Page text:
Role of working women's income and education in determining their social and political participation: an empirical evidence from a developing country
Ahmad Nawaz (COMSATS Institute of Information Technology)
Asad Ghalib (Liverpool Hope University)
Mariam Amjad (COMSATS University Islamabad)
Paper short abstract:
In patriarchal societies, women do tend to have less social and political participation. Whereas, literature suggests that increase in women's income and education do significantly increases social and political participation. This paper empirically investigates this phenomena in Pakistan's context.
Paper long abstract:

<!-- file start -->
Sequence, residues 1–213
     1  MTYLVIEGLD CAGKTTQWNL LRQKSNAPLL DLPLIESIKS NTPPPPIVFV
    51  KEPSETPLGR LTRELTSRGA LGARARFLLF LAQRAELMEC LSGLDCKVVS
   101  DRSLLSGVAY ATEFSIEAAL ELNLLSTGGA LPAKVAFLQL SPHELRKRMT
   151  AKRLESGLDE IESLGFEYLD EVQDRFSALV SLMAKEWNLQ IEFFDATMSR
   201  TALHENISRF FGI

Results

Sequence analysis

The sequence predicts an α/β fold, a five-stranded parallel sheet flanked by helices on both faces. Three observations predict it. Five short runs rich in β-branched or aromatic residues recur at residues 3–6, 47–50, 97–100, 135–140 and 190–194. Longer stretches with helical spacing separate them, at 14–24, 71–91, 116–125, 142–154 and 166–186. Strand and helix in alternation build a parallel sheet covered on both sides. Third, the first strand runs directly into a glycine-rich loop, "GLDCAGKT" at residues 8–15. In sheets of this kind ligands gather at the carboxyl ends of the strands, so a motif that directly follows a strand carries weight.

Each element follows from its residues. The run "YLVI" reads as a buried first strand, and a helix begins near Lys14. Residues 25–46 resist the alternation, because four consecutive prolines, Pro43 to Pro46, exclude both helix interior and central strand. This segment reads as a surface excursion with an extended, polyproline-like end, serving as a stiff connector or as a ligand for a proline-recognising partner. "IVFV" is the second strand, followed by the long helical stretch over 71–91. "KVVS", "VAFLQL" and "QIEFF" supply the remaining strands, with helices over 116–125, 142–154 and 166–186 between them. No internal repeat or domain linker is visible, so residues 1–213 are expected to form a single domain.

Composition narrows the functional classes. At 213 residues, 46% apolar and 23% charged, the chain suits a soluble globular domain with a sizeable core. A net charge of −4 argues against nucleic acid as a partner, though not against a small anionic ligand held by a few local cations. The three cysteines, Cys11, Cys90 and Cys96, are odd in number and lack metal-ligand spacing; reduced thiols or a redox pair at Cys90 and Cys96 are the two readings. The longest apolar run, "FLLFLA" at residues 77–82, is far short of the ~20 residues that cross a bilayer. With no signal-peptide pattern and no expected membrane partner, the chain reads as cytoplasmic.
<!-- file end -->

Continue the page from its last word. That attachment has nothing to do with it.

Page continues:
In many developing countries, women face discrimination on political and social front. And Pakistan is no exception where patriarchal structures exist and allocation of resources strongly favors men. It ranked at 144 out of 145 countries on Gender Gap Index in 2015 (Global Gender Gap Report, 2016).However,a recent literature suggests that deep-rooted changes in views are taking place (Inglehart etal., 2009; Wezel et al, 2010; and Amoranto et, al 2010). These changes are reshaping economic, political, and social values and perceptions in societies around the world, and Pakistan is no exception. This transformation largely rests with the increase in standard of living, knowledge and women's participation in public and political life. Consequently, it has resulted in changing roles and status of women in society through inclusion in social, political and economic spheres at large (Mahmud and Tasneem, 2014; Sanyaal, 2009).This paper therefore, investigates the impact of increase in women's education and share in household income on their political and social participation.The underlying study is quantitative in nature utilizing a primary data set.The questionnaire composed of Twenty-three questions in total including sub categories of each question. The semi structured questionnaire was developed by consulting various studies carried out in this area and discussion with academia.The final sample is comprised of 180 married women in an urban city of Lahore employed in formal sector i.e. universities, colleges, banks and beauty salons, and also in informal sector i,e. domestic helpers, tailors, beauticians and sales girls.
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